Clinical Chemistry and Laboratory Medicine (CCLM)
Published in Association with the European Federation of Clinical Chemistry and Laboratory Medicine (EFLM)
Editor-in-Chief: Plebani, Mario
Ed. by Gillery, Philippe / Greaves, Ronda / Lackner, Karl J. / Lippi, Giuseppe / Melichar, Bohuslav / Payne, Deborah A. / Schlattmann, Peter
IMPACT FACTOR 2018: 3.638
CiteScore 2018: 2.44
SCImago Journal Rank (SJR) 2018: 1.191
Source Normalized Impact per Paper (SNIP) 2018: 1.205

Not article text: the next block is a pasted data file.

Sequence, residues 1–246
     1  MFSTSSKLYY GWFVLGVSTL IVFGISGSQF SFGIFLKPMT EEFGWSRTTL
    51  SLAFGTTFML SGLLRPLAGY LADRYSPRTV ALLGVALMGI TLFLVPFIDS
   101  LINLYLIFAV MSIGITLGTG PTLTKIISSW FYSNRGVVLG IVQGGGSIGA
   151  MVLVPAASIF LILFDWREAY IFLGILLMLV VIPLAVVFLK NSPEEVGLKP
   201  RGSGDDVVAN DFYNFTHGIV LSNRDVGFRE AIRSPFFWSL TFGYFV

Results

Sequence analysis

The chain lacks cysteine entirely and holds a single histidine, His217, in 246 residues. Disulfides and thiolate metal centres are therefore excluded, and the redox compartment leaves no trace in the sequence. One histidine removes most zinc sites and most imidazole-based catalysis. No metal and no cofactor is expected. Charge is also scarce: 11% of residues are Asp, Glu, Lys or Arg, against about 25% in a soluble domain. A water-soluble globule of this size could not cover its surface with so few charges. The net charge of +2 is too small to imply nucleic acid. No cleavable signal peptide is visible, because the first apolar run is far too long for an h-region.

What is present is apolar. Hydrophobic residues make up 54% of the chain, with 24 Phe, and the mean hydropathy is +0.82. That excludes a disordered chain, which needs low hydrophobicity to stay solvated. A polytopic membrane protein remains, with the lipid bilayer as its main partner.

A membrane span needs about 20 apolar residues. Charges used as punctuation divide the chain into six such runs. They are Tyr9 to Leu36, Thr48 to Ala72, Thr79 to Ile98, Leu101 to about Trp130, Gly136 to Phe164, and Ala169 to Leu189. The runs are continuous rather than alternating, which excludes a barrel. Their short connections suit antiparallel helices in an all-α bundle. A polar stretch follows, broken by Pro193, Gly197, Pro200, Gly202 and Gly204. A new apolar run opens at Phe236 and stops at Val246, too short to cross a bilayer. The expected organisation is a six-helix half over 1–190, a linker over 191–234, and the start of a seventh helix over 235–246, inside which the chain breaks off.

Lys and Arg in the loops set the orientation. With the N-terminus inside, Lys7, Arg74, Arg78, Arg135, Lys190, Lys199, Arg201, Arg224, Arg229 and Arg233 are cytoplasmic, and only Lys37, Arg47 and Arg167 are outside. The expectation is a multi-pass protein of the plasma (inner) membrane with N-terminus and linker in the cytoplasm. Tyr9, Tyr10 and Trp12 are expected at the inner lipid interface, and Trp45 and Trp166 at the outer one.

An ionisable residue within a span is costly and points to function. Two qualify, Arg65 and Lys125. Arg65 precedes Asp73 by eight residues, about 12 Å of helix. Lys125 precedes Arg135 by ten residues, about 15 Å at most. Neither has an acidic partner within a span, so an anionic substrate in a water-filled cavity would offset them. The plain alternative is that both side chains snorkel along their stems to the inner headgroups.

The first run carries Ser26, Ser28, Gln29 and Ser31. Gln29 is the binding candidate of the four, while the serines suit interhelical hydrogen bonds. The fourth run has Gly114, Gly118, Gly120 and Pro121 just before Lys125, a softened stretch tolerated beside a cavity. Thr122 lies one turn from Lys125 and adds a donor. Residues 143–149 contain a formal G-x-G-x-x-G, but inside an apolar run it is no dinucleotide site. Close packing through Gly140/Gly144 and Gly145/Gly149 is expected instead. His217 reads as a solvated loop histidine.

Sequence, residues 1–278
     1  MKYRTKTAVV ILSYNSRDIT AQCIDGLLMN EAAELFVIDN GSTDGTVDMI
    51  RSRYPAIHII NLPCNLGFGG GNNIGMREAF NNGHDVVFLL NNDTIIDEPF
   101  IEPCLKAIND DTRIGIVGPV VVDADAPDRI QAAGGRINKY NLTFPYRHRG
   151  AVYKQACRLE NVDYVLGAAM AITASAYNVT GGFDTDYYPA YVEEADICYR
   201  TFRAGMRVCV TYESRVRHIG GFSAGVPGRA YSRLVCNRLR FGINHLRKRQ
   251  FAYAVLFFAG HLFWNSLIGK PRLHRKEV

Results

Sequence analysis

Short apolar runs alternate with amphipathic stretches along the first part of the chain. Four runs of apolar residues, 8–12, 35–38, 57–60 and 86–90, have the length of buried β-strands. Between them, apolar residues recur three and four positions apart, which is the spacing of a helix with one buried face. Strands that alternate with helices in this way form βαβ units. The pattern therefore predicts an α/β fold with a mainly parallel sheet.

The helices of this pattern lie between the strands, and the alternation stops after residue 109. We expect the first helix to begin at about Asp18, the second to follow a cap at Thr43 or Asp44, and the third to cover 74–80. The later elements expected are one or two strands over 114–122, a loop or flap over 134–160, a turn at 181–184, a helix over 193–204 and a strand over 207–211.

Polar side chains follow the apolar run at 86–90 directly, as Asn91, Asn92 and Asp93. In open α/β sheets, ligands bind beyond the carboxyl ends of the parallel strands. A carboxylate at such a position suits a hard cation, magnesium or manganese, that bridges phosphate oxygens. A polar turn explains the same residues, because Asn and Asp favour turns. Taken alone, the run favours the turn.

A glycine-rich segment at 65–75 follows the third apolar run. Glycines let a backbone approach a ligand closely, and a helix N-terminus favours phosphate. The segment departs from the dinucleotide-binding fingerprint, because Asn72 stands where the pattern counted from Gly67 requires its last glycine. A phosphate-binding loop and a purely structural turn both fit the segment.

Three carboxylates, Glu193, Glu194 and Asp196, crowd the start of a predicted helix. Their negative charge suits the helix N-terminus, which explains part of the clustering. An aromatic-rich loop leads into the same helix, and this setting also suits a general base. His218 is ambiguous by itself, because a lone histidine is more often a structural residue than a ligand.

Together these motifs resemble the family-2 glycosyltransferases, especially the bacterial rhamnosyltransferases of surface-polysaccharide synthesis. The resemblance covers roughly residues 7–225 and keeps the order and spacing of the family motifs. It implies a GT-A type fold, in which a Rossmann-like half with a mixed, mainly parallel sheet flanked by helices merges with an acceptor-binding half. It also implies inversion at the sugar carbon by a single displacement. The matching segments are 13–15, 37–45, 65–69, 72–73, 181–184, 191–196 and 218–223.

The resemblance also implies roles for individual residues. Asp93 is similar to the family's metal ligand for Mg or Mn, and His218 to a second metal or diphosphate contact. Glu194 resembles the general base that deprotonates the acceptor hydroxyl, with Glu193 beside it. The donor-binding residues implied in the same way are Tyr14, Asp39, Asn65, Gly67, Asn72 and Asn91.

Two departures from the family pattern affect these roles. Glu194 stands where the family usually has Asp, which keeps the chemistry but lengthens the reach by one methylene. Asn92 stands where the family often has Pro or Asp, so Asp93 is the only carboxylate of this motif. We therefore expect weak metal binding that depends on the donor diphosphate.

Recently the use of smell in clinical diagnosis has been rediscovered due to major advances in odour sensing technology and artificial intelligence (AI). It was well known in the past that a number of infectious or metabolic diseases could liberate specific odours characteristic of the disease stage. Later chromatographic techniques identified an enormous number of volatiles in human clinical specimens that might serve as potential disease markers. “Artificial nose” technology has been employed in several areas of medical diagnosis, including rapid detection of tuberculosis (TB), Helicobacter pylori (HP) and urinary tract infections (UTI). Preliminary results have demonstrated the possibility of identifying and characterising microbial pathogens in clinical specimens. A hybrid intelligent model of four interdependent “tools”, odour generation “kits”, rapid volatile delivery and recovery systems, consistent low drift sensor performance and a hybrid intelligent system of parallel neural networks (NN) and expert systems, have been applied in gastric, pulmonary and urine diagnosis. Initial clinical tests have shown that it may be possible in the near future to use electronic nose technology not only for the rapid detection of diseases such as peptic ulceration, UTI, and TB but also for the continuous dynamic monitoring of disease stages. Major advances in information and gas sensor technology could enhance the diagnostic power of future bio-electronic noses and facilitate global surveillance models of disease control and management.
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